Reject the null hypothesis of the tested regression coefficients equal to 0 because of the small *p*-value of 0.000. Realize that if the reduced model was constructed solely from the regression output of the initial training data, and then analyzed from the same data, the analysis is post-hoc. The *p*-value in this situation is an interesting and perhaps useful heuristic, but cannot be literally interpreted.

How do the variables in the model relate to each other? The correlations of response variable Reading with predictor variables Verbal, Absent and Income should be high. The correlations of the predictor variables with each other should be relatively small.

Visually summarize all the relationships among the variables in the model with the scatterplot. The model has multiple predictor variables, so the different scatter plots are presented in a scatter plot matrix. Each scatter plot in the matrix also contains a non-linear best-fit curve. Express the linear numeric variable relationships among the variables in the model with their correlations. Plot the scatter plot separately with the `lessR`

function `regPlot`

. Specify option 1 to indicate this specific plot.

`regPlot(r, 1) # 1: scatter plot matrix`

The collinearity analysis assesses the extent that the predictor variables â€“ Verbal, Absent and Income â€“ linearly depend upon each other, which in the simplest case is a high pairwise correlation. Although collinearity diminishes neither the fit of the model, nor forecasting efficacy, it typically indicates an overly complex model. Collinear variables have relatively large standard errors of their estimated slope coefficients, which yield unstable estimates. The result is that any unique effects of collinear variables cannot be statistically disentangled without a very large sample size.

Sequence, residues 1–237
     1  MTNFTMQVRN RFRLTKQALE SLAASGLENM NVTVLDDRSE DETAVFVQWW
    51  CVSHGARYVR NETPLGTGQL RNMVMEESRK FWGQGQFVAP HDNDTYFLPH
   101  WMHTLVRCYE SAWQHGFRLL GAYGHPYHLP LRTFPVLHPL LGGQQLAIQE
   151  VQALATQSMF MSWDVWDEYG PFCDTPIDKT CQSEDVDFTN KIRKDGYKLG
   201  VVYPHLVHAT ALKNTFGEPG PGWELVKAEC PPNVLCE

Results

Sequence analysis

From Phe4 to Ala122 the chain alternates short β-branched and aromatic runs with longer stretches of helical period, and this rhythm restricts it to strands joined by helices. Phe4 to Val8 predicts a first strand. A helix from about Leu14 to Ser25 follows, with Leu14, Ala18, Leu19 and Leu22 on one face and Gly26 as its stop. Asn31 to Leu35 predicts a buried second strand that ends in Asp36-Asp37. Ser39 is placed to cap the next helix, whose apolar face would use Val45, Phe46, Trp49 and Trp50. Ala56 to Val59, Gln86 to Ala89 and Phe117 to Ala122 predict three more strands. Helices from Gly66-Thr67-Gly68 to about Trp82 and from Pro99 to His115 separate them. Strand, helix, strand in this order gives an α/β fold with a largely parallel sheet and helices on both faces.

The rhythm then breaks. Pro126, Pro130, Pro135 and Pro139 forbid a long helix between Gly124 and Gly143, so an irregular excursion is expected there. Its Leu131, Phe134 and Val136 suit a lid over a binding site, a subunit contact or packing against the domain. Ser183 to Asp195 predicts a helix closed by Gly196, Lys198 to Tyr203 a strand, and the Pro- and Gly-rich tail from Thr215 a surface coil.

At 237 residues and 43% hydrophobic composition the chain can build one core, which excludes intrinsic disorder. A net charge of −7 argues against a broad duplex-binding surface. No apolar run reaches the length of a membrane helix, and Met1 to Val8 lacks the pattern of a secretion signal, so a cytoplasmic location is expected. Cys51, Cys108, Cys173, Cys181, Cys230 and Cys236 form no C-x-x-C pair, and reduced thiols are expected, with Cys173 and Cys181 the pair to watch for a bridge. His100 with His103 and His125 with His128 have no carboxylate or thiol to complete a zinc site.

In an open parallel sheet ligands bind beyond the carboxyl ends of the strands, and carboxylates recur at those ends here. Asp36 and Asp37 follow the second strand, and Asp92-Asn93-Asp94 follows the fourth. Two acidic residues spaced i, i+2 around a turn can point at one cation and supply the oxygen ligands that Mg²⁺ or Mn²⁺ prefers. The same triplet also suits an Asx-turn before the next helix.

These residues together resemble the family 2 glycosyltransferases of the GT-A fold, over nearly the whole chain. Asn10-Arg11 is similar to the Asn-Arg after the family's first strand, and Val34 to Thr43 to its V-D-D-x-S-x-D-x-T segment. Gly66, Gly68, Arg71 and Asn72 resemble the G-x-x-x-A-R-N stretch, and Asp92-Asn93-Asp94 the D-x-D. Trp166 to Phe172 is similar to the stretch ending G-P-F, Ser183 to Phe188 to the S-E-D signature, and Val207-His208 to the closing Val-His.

To assess collinearity for predictor variable \(X_j\), regress that predictor onto all of the remaining predictor variables. A high resulting \(R^2_j\) indicates collinearity for that predictor. Usually express this result in terms of the *tolerance* of the predictor, \(1 - R^2_j\), the proportion of variance for \(X_j\) *not* due do the remaining predictor variables. Because each \(R^2_j\) should be low, presumably at least less than 0.8, tolerance should be high, at least larger than approximately 0.20. An equivalent statistic is the *variance inflation factor* (VIF), which indicates the extent collinearity inflates the variance of the estimated coefficient. VIF is the reciprocal of tolerance, so usually should be at least less than approximately 5.

`r$out_collinear`

```
## Tolerance VIF
## Verbal 0.600 1.667
## Absent 0.463 2.158
## Income 0.667 1.500
```

No collinearity exists according to the tolerance cutoff of 0.30. The predictor variable with the lowest tolerance is Absent at 0.463.

Especially when collinearity is present, can a simpler model be more, or at least almost, as effective as the current model?

To investigate, assess the fit for the models that correspond to all possible combinations of the predictor variables. Each row of the analysis defines a different model. A 1 means the predictor variable is in the model, a 0 means it is excluded from the model.

`r$out_subsets`

```